Friday, March 22, 2013

Black Trans Leader to HRC: Flag Debate Now

Michael Pappas, pictured, is head of the LGBT advisory committee of San Francisco's Human Rights Commission and a member of the commission, who has spent years promoting human rights here at home and around the globe.

On Tuesday, March 19, he facilitated the monthly meeting of the advisory committee and I applaud how skillfully he ran the meeting.

Around the table in the HRC conference room at 25 Van Ness Avenue on the 8th floor, sat many members of the very diverse LGBT committee.

Public comment was taken at the beginning of the meeting and longtime black transgender, HIV positive, military veteran and global gay advocate Veronika Fimbres was the first to speak.

She spoke about the months of disrespect she suffered from leaders of the Merchants of Upper Market Castro, when trying in September and October to have equal access to the publicly-owned rainbow flag on public property at Harvey Milk Plaza. All she wanted to do was raise the Trans Flag for the international Trans Day of Remembrance, but she got such a runaround from MUMC she filed a complaint with the HRC.

Five months later, Veronika said, she's not received any updates from HRC executive director Theresa Sparks and she would like to know when HRC would help find a solution to the flag problems created by MUMC at Harvey Milk Plaza. Sparks was not present at Tuesday's meeting.

Bill Wilson, longtime community photographer and global gay rights activist, spoke next. He distributed a note and the excerpted minutes of recent HRC meetings showing commissioners were pressured to break their promise to hold a town hall meeting in the Castro about the flag.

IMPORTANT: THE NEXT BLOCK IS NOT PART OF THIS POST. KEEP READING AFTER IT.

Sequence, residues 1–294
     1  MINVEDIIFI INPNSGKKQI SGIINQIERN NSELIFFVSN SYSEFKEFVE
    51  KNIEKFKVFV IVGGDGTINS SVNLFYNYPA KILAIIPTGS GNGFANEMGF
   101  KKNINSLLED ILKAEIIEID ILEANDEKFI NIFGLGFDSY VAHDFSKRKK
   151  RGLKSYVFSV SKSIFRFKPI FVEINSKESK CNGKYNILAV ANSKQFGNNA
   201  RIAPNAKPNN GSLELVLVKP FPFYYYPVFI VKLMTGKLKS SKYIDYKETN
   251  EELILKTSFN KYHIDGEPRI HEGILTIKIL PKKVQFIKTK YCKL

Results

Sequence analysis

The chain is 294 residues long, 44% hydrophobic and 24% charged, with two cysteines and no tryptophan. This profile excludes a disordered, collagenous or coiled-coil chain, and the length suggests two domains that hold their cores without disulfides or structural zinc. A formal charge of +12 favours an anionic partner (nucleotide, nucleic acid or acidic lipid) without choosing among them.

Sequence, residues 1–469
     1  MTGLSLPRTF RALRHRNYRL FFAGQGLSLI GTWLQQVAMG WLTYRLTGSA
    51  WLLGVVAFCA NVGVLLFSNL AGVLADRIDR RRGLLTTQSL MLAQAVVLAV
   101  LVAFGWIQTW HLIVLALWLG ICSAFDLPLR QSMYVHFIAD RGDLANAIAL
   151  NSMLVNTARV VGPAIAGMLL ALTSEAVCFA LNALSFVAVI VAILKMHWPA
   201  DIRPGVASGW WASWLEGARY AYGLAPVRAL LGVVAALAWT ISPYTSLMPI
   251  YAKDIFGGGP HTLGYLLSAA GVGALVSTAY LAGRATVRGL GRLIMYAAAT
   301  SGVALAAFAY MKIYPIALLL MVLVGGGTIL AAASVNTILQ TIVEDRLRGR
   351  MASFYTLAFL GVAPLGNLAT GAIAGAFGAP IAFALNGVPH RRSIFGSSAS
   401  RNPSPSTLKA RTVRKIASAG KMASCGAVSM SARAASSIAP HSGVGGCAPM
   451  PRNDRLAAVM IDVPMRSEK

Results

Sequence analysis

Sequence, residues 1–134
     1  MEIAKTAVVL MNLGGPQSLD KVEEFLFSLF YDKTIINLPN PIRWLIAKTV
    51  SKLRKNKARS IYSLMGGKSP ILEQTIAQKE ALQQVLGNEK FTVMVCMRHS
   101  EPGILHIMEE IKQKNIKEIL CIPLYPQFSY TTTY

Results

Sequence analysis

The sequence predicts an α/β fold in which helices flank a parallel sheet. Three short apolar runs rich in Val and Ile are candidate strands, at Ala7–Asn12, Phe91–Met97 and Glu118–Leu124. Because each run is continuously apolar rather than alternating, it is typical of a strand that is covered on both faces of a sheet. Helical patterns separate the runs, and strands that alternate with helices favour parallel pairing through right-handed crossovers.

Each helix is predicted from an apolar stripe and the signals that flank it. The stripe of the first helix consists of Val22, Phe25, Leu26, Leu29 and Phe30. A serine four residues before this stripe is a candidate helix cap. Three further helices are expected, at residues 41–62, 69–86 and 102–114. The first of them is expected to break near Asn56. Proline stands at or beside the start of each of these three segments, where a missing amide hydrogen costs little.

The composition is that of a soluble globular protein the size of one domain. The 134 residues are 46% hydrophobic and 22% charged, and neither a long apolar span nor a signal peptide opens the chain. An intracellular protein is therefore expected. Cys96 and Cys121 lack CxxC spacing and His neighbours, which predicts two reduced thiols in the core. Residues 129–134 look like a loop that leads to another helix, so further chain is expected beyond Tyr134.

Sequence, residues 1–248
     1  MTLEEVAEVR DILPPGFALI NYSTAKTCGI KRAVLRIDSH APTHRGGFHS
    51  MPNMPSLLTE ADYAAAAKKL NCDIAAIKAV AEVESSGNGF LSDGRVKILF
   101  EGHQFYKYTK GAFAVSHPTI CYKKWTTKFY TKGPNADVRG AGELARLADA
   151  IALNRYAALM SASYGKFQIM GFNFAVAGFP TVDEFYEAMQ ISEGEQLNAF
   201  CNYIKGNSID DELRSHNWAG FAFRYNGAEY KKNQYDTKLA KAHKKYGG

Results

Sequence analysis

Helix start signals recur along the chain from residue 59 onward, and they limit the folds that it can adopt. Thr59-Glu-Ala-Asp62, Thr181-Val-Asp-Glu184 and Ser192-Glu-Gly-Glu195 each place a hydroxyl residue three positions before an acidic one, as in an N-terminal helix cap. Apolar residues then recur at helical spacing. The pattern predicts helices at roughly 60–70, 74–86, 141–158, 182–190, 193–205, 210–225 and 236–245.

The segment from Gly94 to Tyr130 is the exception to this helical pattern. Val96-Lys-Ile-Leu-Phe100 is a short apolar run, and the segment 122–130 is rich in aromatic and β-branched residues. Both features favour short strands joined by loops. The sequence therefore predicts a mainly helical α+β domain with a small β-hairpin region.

After more than two-years of requesting numerous Castro leaders and stakeholder hold a simple open meeting for all to attend, and being thwarted every step of the way, Bill said he had expected the HRC to be an impartial leader working with all factions to create a solution.

Unfortunately, the commission has not fulfilled promises made to him but he remains hopeful the HRC will eventually do the right thing and host public discussions about the public flagpole.

I spoke after him, giving a history about the flag controversy. When Uganda's brave gay leader David Kato was brutally murdered on January 26, 2011, it sparked a request from myself on behalf of Gays Without Borders to MUMC to lower the rainbow flag. We want to mourn Kato and show solidarity with LGBT people of Uganda.

After much b.s., MUMC leaders did lower the flag for LGBT Ugandans and it opened up the question of why the LGBT community of San Francisco is not allowed to have equal access to the public flagpole and why it's controlled by a private group. That is the question we want addressed at an eventual HRC town hall meeting.

Michael Pappas thanked all of us for showing up and sharing our concerns, however, he dutifully noted that the advisory committee could not address the flagpole problems because it was not calendared for discussion. He urged us to share our concerns with the full commission, and we assured him that would happen.

All three of us -- Veronika, Bill and myself -- afterward felt so good we had the opportunity to voice our pain and reiterate our request for the HRC to play a role in foster community dialogue, understanding and an eventual compromise regarding the flag.

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